As a communication studies scholar embarking on a dissertation project, I believe this is one of the areas in which I can get involved. Indeed, when I learned about the collective power of people living in the aftermath of disaster-struck Japan, I became even more determined to pursue analysis of the role of social media in relation to policymaking. When the 311 disaster occurred, I was at home in Little Tokyo in Los Angeles. It was an indescribably horrible experience for me to keep monitoring the news via TV and online. I was a bit depressed, and I could not help but wonder why I was staying not in Japan, but in sunny Los Angeles. I felt a sense of guilt. At the time, I had been studying the role of social media in diplomacy, but my 311 experience completely changed my academic interest. In fact, I was motivated and inspired by the people who participated in the production of knowledge through social media after the disasters. They appeared to be “laypeople” with no expertise in nuclear power, but they persistently contributed to myriad forms of DIY projects. Despite residing in L.A., I began to feel that I might be able to contribute to helping people through my personal use of social media. I myself began harnessing social media to participate in circulating the data the DIY movement collected. This experience made me realize that I should use my research to do something for people who are suffering from not knowing the risks of unknown exposure to nuclear radiation in Japan. That was exactly a year ago. I hope that my research will make a difference and help alleviate the suffering of people who continue to face uncertain risks from nuclear radiation exposure.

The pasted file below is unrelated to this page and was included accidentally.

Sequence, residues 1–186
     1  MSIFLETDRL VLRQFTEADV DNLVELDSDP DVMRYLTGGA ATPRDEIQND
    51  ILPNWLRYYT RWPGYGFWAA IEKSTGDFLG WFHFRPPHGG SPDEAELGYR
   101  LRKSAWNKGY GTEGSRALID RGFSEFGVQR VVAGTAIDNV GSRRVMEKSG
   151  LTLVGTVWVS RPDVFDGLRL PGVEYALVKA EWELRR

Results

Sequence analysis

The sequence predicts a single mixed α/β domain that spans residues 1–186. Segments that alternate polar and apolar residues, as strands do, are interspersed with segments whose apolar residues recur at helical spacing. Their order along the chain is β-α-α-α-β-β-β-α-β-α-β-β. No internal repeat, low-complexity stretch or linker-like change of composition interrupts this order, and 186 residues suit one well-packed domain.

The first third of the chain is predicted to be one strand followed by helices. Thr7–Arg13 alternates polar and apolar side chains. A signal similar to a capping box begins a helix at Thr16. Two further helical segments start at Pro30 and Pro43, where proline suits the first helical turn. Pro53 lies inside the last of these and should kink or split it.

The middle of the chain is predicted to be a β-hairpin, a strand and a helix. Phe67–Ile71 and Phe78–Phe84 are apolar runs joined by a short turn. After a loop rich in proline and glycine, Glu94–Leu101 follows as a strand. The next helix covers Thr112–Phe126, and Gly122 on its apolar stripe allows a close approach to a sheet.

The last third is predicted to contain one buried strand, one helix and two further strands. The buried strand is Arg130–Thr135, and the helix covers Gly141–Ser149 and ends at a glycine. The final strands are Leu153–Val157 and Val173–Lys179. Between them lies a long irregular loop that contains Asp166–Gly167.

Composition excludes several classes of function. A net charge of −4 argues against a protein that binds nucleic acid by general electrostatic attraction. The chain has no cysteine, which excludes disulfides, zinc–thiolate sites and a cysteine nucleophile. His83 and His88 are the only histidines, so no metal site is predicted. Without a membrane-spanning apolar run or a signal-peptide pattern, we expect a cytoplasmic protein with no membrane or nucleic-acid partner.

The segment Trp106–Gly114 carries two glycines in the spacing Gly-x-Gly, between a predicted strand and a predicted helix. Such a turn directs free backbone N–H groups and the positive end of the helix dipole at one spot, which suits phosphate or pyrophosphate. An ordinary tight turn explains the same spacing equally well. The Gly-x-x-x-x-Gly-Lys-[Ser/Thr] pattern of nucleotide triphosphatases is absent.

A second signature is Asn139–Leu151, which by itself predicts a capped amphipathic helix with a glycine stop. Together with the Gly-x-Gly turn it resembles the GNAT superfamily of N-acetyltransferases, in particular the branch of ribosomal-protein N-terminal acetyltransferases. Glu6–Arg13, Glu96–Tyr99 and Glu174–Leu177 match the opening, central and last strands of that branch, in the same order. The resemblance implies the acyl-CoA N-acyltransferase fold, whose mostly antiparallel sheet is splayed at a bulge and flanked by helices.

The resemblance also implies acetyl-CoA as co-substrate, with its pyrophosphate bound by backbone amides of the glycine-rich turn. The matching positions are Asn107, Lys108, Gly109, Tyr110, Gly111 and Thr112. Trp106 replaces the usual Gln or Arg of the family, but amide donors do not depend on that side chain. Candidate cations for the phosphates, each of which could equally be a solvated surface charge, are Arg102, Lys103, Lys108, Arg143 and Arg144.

Yasuhito Abe is a doctoral student at the Annenberg School for Communication & Journalism at the University of Southern California. He received his B.A. and M.A. in Journalism and Mass Communication Studies from Doshisha University in Kyoto, Japan where he authored several theses on the political role of mass media in Japanese foreign policy. He then moved to the United States and earned his second M.A. in East Asian Languages and Cultures from Columbia University in the City of New York. Prior to entering graduate school, he worked for the anti-terrorism unit of Radio Press Inc, the news-monitoring agency affiliated with the Japanese Ministry of Foreign Affairs. Abe welcomes feedback and suggestions on the material presented in this essay as he continues his research and prepares for fieldwork.